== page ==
After Police Captain Dan McLaren becomes police commissioner former detective Johnny Blake knocks him down convincing rackets boss Al Kruger that Blake is sincere in his effort to join the ... See full summary »
Edward G. Robinson,
McCord's gang robs the stage carrying money to pay Indians for their land, and the notorious outlaw "The Oklahoma Kid" Jim Kincaid takes the money from McCord. McCord stakes a "sooner" ... See full summary »
Manhattan gangster John "Czar" Martin enters the trucking business in an effort to control the produce market. When he catches popular trucker Danny Jordan robbing the gang's office to ... See full summary »
Cliff and Chuck leave prison together. Cliff tries the straight life but falls back into crime with Chuck and his gang. When he makes enough to enable his brother Tim to buy a garage and marry his sweetheart, Cliff quits crime again. But when he tries to help Chuck later on, he's implicated again. Written by
Ed Stephan <firstname.lastname@example.org>
When George Raft Goes into William Holden's room for a fight, he is wearing arm bands with his shirtsleeves pulled down over them. Then they disappear, and return in another shot in the same scene. See more »
"Invisible Stripes" was based on a book by the same former prison warden responsible for the (far better) "20,000 Years in Sing Sing." Casting really does matter.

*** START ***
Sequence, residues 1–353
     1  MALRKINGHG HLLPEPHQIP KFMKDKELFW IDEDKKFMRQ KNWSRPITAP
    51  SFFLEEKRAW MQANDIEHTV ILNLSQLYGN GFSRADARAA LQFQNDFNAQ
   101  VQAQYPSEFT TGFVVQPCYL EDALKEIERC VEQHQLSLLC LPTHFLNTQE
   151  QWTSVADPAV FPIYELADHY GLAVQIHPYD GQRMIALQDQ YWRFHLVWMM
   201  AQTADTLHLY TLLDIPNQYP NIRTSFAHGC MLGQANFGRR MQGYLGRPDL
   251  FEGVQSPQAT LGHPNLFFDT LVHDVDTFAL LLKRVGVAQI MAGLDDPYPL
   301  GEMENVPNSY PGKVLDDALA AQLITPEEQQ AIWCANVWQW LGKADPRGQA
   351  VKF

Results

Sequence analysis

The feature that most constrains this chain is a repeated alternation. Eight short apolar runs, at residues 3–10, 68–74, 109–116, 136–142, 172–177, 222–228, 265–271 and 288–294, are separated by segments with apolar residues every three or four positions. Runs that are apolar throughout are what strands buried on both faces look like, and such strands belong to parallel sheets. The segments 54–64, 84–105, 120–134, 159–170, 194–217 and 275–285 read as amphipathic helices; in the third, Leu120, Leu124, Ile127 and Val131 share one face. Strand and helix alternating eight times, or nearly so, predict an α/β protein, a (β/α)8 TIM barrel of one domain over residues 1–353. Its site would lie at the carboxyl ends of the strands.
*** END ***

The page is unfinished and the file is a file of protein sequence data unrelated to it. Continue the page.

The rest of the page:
George Raft turns in a characteristically wooden performance as the ex-con trying to go straight in a world stacked against him. It really is heart-breaking to watch the different ways he loses jobs, unable to shake the shadow of the "invisible stripes" that cover any convict. The strictures on parolees in the 1930s, if accurately depicted, *do* seem a little on the strong side--they weren't even allowed to have drivers licenses! Raft is paired with, in the accurate words of another reviewer, an "unrecognizably young" William Holden. Flora Robson, who plays their mother, was actually six years younger than Raft at the time of shooting. Jane Bryan is convincing and touching as Holden's long-time fiancée.
Bogart spices up the story considerably, in a performance that may have been routine on the page but which comes fully to life in his hands. The film was originally to have been cast with Jimmy Cagney and John Garfield, but Bogart replaced Cagney in order to give him a vacation. I can't help but wonder how much better the film would have been with Garfield in the Raft role. Raft may have known the gang life inside out, but he couldn't act his way out of a paper bag.
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